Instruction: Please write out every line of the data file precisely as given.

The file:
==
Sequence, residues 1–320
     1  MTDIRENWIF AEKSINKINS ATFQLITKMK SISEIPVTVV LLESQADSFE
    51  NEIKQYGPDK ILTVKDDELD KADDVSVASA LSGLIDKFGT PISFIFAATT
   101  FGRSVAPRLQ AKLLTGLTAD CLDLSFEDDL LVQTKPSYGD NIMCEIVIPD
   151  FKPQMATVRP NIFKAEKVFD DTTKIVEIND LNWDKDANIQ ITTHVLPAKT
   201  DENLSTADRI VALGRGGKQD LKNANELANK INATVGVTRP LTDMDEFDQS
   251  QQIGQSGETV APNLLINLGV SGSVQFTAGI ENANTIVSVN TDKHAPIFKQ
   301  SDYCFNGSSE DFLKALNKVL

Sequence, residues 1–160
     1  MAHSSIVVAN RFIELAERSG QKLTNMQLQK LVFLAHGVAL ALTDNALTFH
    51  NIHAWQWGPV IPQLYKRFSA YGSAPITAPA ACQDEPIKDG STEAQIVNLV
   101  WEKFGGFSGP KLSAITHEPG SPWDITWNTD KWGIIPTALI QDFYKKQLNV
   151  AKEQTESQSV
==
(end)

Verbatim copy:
Sequence, residues 1–320
     1  MTDIRENWIF AEKSINKINS ATFQLITKMK SISEIPVTVV LLESQADSFE
    51  NEIKQYGPDK ILTVKDDELD KADDVSVASA LSGLIDKFGT PISFIFAATT
   101  FGRSVAPRLQ AKLLTGLTAD CLDLSFEDDL LVQTKPSYGD NIMCEIVIPD
   151  FKPQMATVRP NIFKAEKVFD DTTKIVEIND LNWDKDANIQ ITTHVLPAKT
   201  DENLSTADRI VALGRGGKQD LKNANELANK INATVGVTRP LTDMDEFDQS
   251  QQIGQSGETV APNLLINLGV SGSVQFTAGI ENANTIVSVN TDKHAPIFKQ
   301  SDYCFNGSSE DFLKALNKVL

Sequence, residues 1–160
     1  MAHSSIVVAN RFIELAERSG QKLTNMQLQK LVFLAHGVAL ALTDNALTFH
    51  NIHAWQWGPV IPQLYKRFSA YGSAPITAPA ACQDEPIKDG STEAQIVNLV
   101  WEKFGGFSGP KLSAITHEPG SPWDITWNTD KWGIIPTALI QDFYKKQLNV
   151  AKEQTESQSV